The interviewer asks where you go to school and you explain your situation. The one you didn’t want to explain because who wants to apply for a job that isn’t just specifically for the summer and say you’re going to be leaving in three months. You didn’t belong here. You wouldn’t be staying.
Yellow bath towels.
And the second night, the one you spend at another friend’s house on the floor that gives the back of your legs rashes because of the dog hair imbedded in the carpet. The friend that will quietly get up early in the morning, tip toe around your sleeping body and get her day going, long before you would naturally wake up. You’re in the way. She will never admit it.
Yellow bath towels.
The third night you fall asleep on your little sister’s bed that has little colorful flowered sheets on them. You’ll grab any pillow you can find and build a soft place to rest your head. In the morning, there’s a naked kid having a mental break down is as severe as you would imagine the average mid-life crisis would be. She can’t find her shirt. And you being in her bed that she doesn’t sleep in is somehow contributing to her shirt being lost.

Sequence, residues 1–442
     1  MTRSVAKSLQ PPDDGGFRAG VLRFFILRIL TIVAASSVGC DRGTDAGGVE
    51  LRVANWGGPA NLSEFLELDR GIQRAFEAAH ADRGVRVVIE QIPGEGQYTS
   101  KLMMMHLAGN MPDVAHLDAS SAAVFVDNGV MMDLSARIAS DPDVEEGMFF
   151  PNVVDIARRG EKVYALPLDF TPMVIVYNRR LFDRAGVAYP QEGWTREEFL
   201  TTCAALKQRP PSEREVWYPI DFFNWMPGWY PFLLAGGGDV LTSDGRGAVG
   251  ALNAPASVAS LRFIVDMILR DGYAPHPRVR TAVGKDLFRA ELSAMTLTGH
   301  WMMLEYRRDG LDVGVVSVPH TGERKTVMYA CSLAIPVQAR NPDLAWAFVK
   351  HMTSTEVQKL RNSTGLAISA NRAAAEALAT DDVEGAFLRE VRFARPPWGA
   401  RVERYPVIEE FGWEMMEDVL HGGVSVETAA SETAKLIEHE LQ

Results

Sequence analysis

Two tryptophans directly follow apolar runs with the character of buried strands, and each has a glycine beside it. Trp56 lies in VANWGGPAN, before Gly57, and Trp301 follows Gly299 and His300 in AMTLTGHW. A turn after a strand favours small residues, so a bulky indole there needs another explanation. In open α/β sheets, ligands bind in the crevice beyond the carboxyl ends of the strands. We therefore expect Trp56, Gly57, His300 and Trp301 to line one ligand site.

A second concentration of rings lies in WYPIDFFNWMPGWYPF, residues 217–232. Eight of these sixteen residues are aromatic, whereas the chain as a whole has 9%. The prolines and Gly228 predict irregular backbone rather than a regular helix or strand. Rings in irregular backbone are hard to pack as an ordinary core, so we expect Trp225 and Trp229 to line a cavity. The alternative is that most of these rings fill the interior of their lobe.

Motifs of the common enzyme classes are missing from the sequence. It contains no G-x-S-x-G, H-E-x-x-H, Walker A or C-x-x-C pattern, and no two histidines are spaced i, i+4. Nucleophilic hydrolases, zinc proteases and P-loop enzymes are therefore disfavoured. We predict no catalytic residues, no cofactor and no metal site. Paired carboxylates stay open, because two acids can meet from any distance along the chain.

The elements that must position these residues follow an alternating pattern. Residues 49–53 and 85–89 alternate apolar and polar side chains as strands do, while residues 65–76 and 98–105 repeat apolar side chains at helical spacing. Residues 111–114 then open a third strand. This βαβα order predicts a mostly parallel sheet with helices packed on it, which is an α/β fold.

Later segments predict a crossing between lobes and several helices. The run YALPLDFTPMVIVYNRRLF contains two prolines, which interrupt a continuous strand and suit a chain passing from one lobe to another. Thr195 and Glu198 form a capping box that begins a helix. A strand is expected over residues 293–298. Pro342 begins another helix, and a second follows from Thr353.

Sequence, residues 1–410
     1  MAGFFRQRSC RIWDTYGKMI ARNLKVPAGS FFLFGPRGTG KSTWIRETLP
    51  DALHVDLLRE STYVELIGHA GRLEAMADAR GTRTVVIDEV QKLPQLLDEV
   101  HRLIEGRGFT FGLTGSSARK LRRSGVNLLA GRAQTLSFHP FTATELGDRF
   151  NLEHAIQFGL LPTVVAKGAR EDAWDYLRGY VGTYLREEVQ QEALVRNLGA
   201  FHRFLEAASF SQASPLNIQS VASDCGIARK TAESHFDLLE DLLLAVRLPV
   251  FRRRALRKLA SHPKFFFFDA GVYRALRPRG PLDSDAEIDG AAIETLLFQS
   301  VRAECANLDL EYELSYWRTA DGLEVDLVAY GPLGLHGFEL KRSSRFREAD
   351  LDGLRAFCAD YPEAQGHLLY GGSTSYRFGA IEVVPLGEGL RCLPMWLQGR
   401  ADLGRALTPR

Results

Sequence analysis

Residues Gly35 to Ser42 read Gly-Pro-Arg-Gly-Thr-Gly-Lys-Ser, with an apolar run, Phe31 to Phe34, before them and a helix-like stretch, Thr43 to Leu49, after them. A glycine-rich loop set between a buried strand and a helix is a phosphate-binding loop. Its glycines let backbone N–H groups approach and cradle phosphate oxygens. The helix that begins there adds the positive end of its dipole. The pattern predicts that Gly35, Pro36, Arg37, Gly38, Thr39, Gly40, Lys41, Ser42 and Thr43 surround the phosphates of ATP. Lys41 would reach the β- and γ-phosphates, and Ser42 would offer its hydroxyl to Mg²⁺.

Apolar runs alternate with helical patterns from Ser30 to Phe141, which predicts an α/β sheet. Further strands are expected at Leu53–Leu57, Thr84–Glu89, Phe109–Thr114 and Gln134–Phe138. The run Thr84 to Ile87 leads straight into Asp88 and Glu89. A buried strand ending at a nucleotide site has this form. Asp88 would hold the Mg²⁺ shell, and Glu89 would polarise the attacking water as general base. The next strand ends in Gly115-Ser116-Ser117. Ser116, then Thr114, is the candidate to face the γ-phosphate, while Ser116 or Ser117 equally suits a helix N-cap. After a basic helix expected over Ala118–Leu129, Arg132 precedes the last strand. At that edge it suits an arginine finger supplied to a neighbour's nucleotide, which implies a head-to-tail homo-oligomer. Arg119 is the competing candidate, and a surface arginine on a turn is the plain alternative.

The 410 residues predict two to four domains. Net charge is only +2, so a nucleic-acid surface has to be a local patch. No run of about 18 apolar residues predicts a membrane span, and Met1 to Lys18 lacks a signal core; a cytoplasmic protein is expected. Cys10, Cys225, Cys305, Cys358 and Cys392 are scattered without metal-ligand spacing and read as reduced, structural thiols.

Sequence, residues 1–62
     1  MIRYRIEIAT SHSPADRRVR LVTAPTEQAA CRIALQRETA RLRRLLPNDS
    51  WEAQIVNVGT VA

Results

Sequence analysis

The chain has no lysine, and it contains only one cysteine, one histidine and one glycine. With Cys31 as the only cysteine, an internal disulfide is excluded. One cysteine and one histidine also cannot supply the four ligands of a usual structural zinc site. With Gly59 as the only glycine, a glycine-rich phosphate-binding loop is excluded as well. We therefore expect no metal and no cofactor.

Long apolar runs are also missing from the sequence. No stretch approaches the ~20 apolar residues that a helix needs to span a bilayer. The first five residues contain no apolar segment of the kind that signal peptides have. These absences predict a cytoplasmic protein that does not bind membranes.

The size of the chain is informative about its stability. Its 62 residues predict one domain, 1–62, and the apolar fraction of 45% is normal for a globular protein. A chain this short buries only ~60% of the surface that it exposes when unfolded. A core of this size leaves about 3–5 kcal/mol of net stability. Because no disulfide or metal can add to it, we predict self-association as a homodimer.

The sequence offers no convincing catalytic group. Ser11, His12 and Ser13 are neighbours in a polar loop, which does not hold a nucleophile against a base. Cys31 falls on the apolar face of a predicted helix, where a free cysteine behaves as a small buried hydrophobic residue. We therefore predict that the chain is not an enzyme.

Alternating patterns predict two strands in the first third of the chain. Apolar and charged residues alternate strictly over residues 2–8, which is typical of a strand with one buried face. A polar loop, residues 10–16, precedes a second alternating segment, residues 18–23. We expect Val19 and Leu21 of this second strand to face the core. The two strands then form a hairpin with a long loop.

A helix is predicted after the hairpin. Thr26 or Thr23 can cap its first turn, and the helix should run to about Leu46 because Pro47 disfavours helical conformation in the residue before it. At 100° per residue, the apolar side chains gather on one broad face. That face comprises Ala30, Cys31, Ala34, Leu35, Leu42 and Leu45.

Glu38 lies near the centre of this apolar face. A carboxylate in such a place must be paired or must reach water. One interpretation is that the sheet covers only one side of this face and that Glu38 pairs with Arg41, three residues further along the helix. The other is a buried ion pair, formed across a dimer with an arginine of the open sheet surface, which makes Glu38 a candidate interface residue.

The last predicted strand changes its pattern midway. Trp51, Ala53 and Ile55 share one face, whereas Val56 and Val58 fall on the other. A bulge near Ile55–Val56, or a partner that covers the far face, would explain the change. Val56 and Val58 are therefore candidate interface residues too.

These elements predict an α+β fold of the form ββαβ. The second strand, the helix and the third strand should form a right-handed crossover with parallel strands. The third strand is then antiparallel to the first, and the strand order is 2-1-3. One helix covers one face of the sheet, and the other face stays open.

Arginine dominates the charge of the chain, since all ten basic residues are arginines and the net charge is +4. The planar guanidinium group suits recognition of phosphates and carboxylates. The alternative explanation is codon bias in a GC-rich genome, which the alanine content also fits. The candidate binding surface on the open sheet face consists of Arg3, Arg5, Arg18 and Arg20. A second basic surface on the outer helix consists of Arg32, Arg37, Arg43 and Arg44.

Yellow bath towels.
You sit at the kitchen table, eating something you found in the fridge. Appreciating the fact that you can now eat food you didn’t pay for. And your dad storms in angry about the boxes in the garage. Why did you bring so much stuff with you? He begs a response that I don’t know how to properly give. I want him to hear what he wants so he will leave me alone. I also want to be hugged. I’m home dad. You call me all the time saying you miss me, and I am finally home. I am back. And my stuff is too. Yes, I am sorry. Okay I’ll move it.
Where to move it though. Because you don’t belong here. Your stuff and your body don’t know where to go. Half welcomed and half feeling like a burden. Like a big elephant that just walked into the middle of time square. You’re in the way of so many lives. People trying to shove past you, not run into you, pick something up under you.
Yellow bath towels.
Your new home is made your parents’ RV in their backyard. Finally. A place for you and your belongings. A place that you can freely be without being in the way. A place you can stay up late talking to your boyfriend who’s in Africa or take a nap at 2pm. A place you can set your cup of coffee down as you are getting ready without getting yelled at. A place where you can rest and work and watch Netflix. A feeling that you haven’t had in a while. Because you had a roommate for the last five months.
Oh, but now your family is selling the RV. You need to move.
But where. Where can I go this time.
Yellow bath towels.